Kindergarten English/Language Arts

What your child will learn and do in Kindergarten English/Language Arts

In kindergarten, students are exposed to a range of genres from a variety of cultures and periods. Students learn to identify the difference between literature and informational text and make connections between what they read or hear and everyday life. Students build comprehension skills as they are guided to retell stories and identify an author’s main idea. They develop an understanding of the alphabet and the main features of letters and words as they break down spoken and written words into syllables and letters and identify the sounds each letter makes. These important skills enable children to learn new words and to read and understand developmentally appropriate books and stories. Students also learn to write and share information in a variety of ways including drawing, writing letters and words, listening to others, and speaking aloud.  Activities in these areas include:

  • Naming and writing uppercase and lowercase letters

  • Matching letters to sounds and using other methods to figure out unfamiliar words when reading and writing

  • Learning and using new words

  • Identifying words that rhyme

  • Reading common words such as the, of, you, are, she, and my

  • Asking and answering questions about a story the teacher reads out loud

  • Identifying characters, settings, and major events in a story

  • Recognizing the person, place, thing, or idea that an illustration shows

  • Participating in discussions by listening and taking turns speaking

  • Using a combination of drawing, speaking, and writing to describe an event, give information about a topic, or share an opinion

  • Taking part in shared reading, writing, and research projects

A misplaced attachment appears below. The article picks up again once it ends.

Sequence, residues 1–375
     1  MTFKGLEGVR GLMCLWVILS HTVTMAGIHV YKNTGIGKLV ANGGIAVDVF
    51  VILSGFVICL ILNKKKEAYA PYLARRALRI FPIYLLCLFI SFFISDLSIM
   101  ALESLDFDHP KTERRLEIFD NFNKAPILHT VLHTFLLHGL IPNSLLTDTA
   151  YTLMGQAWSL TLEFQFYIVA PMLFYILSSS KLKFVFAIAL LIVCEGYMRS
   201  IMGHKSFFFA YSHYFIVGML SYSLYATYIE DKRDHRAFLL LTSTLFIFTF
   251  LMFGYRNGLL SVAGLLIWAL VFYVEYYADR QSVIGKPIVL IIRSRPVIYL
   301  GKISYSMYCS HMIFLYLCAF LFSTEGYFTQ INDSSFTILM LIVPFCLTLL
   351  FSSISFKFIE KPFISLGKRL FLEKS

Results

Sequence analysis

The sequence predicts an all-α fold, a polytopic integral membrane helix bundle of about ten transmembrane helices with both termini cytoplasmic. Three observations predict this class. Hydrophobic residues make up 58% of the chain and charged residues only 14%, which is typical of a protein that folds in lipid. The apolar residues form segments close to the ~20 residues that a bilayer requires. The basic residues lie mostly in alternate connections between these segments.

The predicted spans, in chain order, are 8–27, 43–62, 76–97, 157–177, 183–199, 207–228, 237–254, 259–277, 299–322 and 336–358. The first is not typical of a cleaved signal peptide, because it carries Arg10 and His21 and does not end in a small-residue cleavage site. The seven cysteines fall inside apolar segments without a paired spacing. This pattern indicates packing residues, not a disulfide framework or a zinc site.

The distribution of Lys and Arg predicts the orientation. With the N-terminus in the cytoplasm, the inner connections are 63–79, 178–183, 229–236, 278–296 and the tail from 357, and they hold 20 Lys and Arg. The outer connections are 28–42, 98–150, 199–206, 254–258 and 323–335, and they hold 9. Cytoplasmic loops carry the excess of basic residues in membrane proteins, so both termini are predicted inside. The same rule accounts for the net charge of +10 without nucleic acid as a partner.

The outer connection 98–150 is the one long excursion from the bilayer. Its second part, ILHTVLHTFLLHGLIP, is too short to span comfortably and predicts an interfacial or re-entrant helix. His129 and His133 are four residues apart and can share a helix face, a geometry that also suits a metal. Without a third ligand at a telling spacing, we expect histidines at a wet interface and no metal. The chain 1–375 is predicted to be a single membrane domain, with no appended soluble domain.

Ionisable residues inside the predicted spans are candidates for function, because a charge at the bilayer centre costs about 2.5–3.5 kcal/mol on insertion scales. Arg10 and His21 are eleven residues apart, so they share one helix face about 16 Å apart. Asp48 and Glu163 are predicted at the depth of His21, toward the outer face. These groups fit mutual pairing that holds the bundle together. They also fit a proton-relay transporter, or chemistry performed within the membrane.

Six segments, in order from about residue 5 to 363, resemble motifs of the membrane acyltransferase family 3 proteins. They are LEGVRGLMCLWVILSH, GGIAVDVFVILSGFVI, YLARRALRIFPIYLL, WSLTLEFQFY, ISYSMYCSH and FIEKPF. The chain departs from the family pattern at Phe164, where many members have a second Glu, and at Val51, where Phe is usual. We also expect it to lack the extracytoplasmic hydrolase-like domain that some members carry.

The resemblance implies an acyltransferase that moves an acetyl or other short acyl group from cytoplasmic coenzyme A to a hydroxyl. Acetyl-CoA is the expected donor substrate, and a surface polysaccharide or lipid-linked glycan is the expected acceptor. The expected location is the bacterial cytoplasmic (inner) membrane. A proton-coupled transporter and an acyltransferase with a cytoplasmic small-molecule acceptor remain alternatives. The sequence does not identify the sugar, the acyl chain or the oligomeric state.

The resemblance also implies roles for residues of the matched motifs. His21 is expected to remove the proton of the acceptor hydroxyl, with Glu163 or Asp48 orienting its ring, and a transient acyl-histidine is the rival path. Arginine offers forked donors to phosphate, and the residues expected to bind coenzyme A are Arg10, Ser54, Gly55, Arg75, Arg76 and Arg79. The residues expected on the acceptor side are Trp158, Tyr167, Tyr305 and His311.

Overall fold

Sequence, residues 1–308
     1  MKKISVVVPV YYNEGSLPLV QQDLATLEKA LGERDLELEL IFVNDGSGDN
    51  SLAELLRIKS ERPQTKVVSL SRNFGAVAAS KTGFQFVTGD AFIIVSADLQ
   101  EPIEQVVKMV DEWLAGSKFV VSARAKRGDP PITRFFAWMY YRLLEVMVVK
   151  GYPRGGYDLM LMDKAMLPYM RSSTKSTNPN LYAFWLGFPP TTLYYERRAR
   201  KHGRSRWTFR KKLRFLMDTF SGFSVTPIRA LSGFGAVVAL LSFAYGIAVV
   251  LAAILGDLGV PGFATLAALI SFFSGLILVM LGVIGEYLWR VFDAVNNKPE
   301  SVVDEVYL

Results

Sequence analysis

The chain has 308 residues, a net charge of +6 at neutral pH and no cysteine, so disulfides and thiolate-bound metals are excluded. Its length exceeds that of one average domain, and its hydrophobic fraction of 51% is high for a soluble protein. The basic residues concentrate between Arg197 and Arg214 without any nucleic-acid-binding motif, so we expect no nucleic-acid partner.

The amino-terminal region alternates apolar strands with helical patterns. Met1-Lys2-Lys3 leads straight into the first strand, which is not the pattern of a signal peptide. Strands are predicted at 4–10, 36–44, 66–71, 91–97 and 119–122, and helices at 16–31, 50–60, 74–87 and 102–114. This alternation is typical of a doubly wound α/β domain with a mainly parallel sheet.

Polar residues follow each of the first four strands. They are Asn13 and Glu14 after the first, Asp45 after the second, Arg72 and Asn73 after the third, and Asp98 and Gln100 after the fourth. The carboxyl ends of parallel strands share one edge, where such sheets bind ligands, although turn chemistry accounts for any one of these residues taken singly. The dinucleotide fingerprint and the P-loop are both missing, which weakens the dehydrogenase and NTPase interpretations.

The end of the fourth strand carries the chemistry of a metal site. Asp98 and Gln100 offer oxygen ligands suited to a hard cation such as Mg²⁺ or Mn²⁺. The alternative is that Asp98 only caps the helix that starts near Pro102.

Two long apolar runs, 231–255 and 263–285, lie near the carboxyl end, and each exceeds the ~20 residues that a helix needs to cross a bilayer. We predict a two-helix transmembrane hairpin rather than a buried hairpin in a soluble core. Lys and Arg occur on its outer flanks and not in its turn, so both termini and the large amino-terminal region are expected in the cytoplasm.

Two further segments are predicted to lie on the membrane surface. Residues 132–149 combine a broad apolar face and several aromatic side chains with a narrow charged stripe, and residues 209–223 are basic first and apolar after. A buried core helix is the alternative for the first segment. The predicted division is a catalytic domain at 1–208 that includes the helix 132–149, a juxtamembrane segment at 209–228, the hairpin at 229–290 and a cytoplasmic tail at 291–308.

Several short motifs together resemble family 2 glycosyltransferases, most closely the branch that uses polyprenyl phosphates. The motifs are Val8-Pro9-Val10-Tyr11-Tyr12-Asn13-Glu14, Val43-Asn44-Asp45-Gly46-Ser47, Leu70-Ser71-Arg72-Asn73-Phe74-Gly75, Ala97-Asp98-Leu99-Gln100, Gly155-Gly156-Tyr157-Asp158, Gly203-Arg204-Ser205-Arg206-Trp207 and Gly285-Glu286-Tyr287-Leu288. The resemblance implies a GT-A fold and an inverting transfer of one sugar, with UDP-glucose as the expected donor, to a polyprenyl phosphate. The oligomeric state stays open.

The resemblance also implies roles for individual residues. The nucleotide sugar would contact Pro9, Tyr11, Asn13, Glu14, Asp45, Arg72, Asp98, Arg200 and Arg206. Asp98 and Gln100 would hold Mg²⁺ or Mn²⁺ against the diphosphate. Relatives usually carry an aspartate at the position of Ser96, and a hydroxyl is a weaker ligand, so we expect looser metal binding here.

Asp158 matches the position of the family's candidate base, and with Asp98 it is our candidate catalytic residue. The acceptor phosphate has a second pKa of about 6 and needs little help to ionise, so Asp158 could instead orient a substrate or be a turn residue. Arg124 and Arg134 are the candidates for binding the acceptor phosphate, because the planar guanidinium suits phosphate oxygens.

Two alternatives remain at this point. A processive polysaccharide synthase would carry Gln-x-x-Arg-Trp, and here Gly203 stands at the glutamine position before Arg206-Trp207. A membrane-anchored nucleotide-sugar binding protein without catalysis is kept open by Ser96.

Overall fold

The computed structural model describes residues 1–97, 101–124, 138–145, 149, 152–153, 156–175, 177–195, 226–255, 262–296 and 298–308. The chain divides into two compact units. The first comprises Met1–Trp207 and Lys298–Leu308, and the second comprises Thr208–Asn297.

• Expressing thoughts, feelings, and ideas clearly


Helping your child learn outside of school:    
Read to your child and have him or her read to you every day for at least 20 minutes

  • Ask your child to retell a story in his or her own words by telling what happened first, second, third, etc.

  • Ask your child to think about what the message of a story may be or what he or she learned from an informational book or article.

  • Look for opportunities in everyday places to build your child’s vocabulary.  Pick out words that might be new to your child or words that have multiple or complex meanings. Discuss those words and how they add to what the writer is saying.

  • Be sure your child has a library card. Your child should select books in which they are interested in order to develop a passion for reading. Spend time at the library with your child.

  • Use technology to help build your child’s interest in reading. Access websites that allow your child to read books or articles online. The computer will help with words the student cannot read independently. Libraries also have computers your child can use to access websites.

  • Involve your child in authentic opportunities to practice conveying a message through drawing/writing (e.g. grocery or shopping lists, chore lists, messages to family members, signs, directions, keeping a journal, etc.).

  • Encourage friends and family to give books or magazine subscriptions to your child as gifts.  

  • Find time to talk to your child about school or current events (e.g. while riding in the car or taking public transportation, while waiting at the doctor’s office, etc.).

  • Involve your child in planning and researching family activities (e.g. reading recipes to plan a meal, planning a family trip, planning a home project, etc.).


Websites


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